This week’s Durham Times column, by Craig Clark, looks at the parts played by Dick Advocaat and Lee Congerton in producing Sunderland’s latest mess of a squad.
Dick Advocaat was scathing of Sunderland’s squad and chances of survival when he departed the club earlier this season and it’s easy to see why. Whilst there is some talent available to his successor Sam Allardyce, the squad is imbalanced and there are question marks over the temperament and commitment of too many of the players available to him.
Advocaat must take some of the blame the state of the squad he left behind. Whilst Lee Congerton was ultimately responsible for transfers, it’s easy to see the influence of Advocaat over the signings of Jeremain Lens and Ola Toivonen, both of whom have struggled with the rigours of Premier League football.
Congerton has paid the price for his part in the type of dire recruitment that leaves a club battling relegation season after season and few would argue with the club’s decision to give him the push. Whether Advocaat, or before him Gus Poyet, wanted a player or not, Congerton was ultimately responsible for deciding whether they were good value. £8m – potentially rising to £13 – for a 28 year old plying their trade in Ukraine now looks complete folly.
Toivonen meanwhile represents less of a risk as a loan player, but his use to the squad is pretty much negligible at this point. Meanwhile, Congerton has also left Allardyce with defensive options that include just four centre backs – which might as well be three, given the reluctance of anyone to use Wes Brown – three right backs and just one left back.
The frailty of that defence has come into sharp focus of late, with the loss of midfield enforcers Lee Cattermole and Sebastian Larsson. Not only has Allardyce been forced to play three central defenders to cover for the lack of ability and quality at the back, his side’s best performances arrived with three committed, defensively robust central midfielders grafting in front them. As soon as Larsson and Cattermole picked up injuries, Sunderland began to leak goals. It’s no coincidence.
The back three – or five, depending on how you look at it – also allowed Allardyce to employ a front two of Jermain Defoe and Steven Fletcher. With defensive injuries mounting, a reversion to four defenders is likely to mean just one out and out striker flanked by Fabio Borini, Duncan Watmore, Adam Johnson, Defoe or even Danny Graham, if the Manchester City game is a barometer of things to come. This system fails to get the best out of either Defoe or Fletcher as a central striker, but to play 4-4-2 with the way this team bleeds goals would be nothing less than suicidal.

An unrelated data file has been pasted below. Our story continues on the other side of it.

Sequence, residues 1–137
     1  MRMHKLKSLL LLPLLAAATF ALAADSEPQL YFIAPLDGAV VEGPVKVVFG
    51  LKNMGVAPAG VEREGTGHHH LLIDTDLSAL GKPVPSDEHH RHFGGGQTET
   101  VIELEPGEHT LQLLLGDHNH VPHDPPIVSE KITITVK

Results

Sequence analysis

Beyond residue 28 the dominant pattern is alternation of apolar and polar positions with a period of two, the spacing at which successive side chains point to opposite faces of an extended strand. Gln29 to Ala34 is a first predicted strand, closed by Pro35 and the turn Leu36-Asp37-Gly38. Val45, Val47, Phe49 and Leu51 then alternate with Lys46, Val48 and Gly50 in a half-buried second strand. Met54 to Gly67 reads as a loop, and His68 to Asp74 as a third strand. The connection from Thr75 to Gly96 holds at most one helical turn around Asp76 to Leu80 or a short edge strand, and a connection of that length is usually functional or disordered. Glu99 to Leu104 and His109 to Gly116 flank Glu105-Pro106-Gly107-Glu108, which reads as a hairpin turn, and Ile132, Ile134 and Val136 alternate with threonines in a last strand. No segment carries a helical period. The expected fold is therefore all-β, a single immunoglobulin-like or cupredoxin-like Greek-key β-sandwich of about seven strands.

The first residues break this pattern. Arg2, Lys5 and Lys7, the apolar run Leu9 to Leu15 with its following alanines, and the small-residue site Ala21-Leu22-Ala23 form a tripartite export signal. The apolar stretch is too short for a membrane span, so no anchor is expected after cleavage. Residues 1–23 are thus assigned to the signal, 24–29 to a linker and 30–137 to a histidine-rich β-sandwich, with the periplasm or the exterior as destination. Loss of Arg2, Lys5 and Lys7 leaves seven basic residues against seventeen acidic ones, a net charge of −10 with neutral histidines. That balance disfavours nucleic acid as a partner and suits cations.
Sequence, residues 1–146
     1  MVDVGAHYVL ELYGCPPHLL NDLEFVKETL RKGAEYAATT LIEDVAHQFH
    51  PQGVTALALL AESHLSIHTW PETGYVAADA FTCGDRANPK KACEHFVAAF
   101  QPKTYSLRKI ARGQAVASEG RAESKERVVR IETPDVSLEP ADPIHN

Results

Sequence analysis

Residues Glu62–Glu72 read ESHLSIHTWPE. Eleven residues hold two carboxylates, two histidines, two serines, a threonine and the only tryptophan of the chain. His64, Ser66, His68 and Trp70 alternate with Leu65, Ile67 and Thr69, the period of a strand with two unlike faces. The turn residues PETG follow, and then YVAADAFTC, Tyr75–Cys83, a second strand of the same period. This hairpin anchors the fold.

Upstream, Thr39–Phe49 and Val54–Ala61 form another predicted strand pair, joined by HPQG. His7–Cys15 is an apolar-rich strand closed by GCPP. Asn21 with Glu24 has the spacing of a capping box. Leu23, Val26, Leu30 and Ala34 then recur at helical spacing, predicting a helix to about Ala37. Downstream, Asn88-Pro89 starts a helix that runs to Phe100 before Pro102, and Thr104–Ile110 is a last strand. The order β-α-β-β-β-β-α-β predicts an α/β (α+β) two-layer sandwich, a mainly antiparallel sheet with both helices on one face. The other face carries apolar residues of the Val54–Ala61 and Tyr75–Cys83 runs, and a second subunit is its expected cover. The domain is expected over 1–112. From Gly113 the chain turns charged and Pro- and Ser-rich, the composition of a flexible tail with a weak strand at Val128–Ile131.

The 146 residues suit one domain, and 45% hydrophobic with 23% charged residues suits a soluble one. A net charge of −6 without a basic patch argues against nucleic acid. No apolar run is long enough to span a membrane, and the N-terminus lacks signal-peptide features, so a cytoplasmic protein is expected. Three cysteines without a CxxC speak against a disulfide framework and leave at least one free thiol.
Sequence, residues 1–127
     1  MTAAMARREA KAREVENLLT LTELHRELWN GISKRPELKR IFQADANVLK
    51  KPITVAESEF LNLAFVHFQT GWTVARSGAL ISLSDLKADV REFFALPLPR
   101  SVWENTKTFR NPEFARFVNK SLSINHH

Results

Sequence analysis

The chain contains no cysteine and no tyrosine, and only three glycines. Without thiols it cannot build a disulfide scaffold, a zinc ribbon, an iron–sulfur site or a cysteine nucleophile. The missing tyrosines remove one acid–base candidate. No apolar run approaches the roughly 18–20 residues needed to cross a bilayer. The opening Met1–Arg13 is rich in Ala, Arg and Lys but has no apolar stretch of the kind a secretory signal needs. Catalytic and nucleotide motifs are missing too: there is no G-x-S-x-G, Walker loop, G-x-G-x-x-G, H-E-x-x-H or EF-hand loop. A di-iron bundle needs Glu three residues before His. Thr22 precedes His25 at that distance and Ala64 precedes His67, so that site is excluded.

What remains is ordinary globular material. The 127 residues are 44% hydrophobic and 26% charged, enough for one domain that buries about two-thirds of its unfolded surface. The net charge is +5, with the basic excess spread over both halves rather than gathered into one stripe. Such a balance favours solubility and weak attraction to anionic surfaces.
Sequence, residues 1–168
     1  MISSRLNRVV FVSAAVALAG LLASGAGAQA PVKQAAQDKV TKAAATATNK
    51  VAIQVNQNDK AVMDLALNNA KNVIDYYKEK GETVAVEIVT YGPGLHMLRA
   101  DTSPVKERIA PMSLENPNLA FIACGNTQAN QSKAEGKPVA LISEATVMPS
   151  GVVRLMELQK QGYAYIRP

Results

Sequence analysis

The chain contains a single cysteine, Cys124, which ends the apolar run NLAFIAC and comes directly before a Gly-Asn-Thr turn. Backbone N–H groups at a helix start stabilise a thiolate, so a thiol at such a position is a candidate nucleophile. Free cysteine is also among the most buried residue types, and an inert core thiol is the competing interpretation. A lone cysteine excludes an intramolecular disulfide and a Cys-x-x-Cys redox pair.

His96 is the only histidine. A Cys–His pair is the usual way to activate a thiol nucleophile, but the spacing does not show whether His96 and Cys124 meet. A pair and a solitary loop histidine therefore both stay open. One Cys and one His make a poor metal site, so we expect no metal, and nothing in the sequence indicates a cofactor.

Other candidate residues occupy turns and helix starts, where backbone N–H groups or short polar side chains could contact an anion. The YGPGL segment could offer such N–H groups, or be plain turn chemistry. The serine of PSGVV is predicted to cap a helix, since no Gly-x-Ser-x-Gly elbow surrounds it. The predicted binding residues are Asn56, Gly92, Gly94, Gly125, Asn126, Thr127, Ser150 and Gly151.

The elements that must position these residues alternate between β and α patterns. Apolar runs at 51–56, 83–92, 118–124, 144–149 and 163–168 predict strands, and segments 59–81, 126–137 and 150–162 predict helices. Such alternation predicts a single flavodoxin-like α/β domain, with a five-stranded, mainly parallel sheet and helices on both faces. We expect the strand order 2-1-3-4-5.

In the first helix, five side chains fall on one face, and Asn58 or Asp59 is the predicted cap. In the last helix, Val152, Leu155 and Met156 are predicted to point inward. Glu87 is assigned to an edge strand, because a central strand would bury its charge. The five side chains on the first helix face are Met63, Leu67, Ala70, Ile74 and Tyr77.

January is inching ever closer and Allardyce has rightly earmarked defensive reinforcements as an essential requirement to aid Sunderland’s bid to beat the drop. Numbers are necessary, but just as important is the addition of quality. Assuming new bodies do arrive, it’ll be interesting to see if he reverts back to a back three and front two; it’s looked our most effective way of winning games thus far.
Regardless of what happens, Allardyce is relatively blameless in all of this. Like his predecessors, he’s been forced to rely on oft maligned players who have dug us out of this mess time and time again. New recruits meanwhile have arrived, decreased the quality of the squad and failed to show the levels of energy required to compete in this league. That’s not to say those who’ve been around longer are perfect, but it will be the likes of Cattermole and Larsson who save us – if anyone does – rather than Lens and Toivonen.